The three men burst out laughing again. The droning of planes in the distance brought their laughter to a sudden stop, and the men craned their necks to the sky. A thunderous choir of flack could be heard in the distance. The troopers ran to one of the demolished walls and excitedly looked out at the sky. The AA flashes illuminated the outlines of the great steel birds, and the men held their breath, praying they wouldn’t be shot down. After a few agonizing moments that wore at their nerves, they could see the white parachutes opening up in the vast dark sky as the parcels of salvation began their slow decent to earth like angles from Heaven. The soldiers’ eyes followed the packages as they fell into the darkness. Erich gave Anton a hard slap on the shoulder. “Get on the radio, tell command where the supplies fell, and Peter and I will start to gather what we can!”
“Yes sir!” Anton Replied gleefully.
Before they could head for the supplies, the euphoria was suddenly shattered by the sound of snow crunching under the weight of dozens of boots, and the sound of engines coming to life. Erich pulled Anton back down, and they listened. After a moment, the wind began to carry over the faint sound of chattering Russians. Erich’s heart sank, and he fell back into the snow.
“They have our supplies.” He whispered hoarsely.
The Russians were close, but the young Germans couldn’t see them. They could see the headlights of their trucks crawling across the snow and could hear their guttural laughter as they loaded up the crates.
Anton stood up. “Let’s get what’s ours.” He said fiercely.
Erich quickly pulled him back and held him down. “Hunger is making you mad!” Erich barked.
“A bullet is quicker than starvation!” Anton retorted angrily.
Erich slapped him across the face. “Stay calm and live. If you bolt out there, we all die”. Erich said grimacing. Anton calmed, and Erich eased up.
There was the crackling sound of a loud speaker, and a high pitched Russian voice screeched broken German across the landscape. “Come out Fritz!” He called. “We have your food, come out, and we might share!”
“Stay put!” Erich hissed. The seemingly omnipotent voice continued its taunts. “Maybe we’ll save a little bit for when we get to Berlin. How are your wives going to fuck if they’re dead?”
“Sick Russian bastards!” Anton exclaimed. He shoved Erich off, quickly stood up, and fired a round in the darkness. He ran forward stumbling through the snow. As he pulled back the bolt, a row of muzzle flashes lit up in the dark like fireflies and tore through the young soldier spraying a cloud of crimson into the air and across the snow. When the salvo was finished, Anton was little more than a bloody pile of torn rags and flesh. His helpless comrades could do nothing more than turn away from the gruesome sight. There were several loud bangs and spotlights suddenly appeared in the snow, barely ten meters away from Erich and Peter. The lights began crisscrossing through the snow as they hunted for the other soldiers. Erich and Peter withdrew into the building’s shell and wrapped themselves in the darkness as best they could and waited. The lights continued to creep closer and closer. Every muscle in Erich’s body stiffened, and after a moment, he realized he had forgotten to breathe.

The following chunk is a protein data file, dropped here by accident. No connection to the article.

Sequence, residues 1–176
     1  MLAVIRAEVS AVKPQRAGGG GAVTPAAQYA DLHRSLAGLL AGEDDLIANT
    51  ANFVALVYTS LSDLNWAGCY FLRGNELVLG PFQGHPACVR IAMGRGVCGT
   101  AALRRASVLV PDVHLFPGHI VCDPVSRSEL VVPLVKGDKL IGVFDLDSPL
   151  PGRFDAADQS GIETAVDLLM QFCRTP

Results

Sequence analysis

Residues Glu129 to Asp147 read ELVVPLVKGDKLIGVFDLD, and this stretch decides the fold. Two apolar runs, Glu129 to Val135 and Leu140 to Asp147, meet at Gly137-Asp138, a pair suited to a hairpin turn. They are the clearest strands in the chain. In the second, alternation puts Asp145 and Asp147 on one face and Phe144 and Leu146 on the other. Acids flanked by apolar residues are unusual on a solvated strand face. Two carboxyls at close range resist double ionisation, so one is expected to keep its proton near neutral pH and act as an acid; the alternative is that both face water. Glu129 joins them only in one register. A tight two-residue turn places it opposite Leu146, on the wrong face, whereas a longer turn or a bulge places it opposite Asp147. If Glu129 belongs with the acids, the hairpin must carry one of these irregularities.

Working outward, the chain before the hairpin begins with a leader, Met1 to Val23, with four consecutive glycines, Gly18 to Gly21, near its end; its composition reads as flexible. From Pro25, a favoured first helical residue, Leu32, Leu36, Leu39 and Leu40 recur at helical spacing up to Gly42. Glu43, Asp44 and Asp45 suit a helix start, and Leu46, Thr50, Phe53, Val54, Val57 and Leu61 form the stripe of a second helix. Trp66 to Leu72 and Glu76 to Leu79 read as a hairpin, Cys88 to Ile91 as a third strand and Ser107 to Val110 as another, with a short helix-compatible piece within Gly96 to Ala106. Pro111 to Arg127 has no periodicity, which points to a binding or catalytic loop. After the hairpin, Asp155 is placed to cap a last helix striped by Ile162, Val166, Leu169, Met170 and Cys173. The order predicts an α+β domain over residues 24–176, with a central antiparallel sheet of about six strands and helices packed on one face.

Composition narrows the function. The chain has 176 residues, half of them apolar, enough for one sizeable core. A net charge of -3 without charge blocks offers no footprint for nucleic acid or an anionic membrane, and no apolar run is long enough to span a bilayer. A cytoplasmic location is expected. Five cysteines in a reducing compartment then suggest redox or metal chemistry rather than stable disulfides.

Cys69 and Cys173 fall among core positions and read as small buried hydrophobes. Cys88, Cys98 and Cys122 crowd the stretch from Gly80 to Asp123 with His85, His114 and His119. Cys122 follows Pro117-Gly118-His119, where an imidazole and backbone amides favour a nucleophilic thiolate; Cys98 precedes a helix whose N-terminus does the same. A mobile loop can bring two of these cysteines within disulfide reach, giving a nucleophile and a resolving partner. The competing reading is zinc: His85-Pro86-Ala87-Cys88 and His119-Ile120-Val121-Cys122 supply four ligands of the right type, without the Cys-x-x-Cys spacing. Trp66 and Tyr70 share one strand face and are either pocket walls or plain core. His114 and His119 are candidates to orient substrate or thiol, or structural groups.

Peter was cowered in the fetal position, his body quivering as he struggled to hold his breath so the Russians wouldn’t see it rising from their little cavern in the ruins. The hollow thumping of mortar firing from their tubes could be heard, and seconds later, the ground began to explode around Erich and Peter. The shells fell through where the ceiling used to be and hit the ground randomly, sending up plumbs of debris and snow wherever they hit. The Russians were toying with them. Erich could see time was short, but he knew they wouldn’t chase them through mortars. He turned to Peter. “When I say go, just start running.” He whispered. Peter, still cowering, nodded in acknowledgement.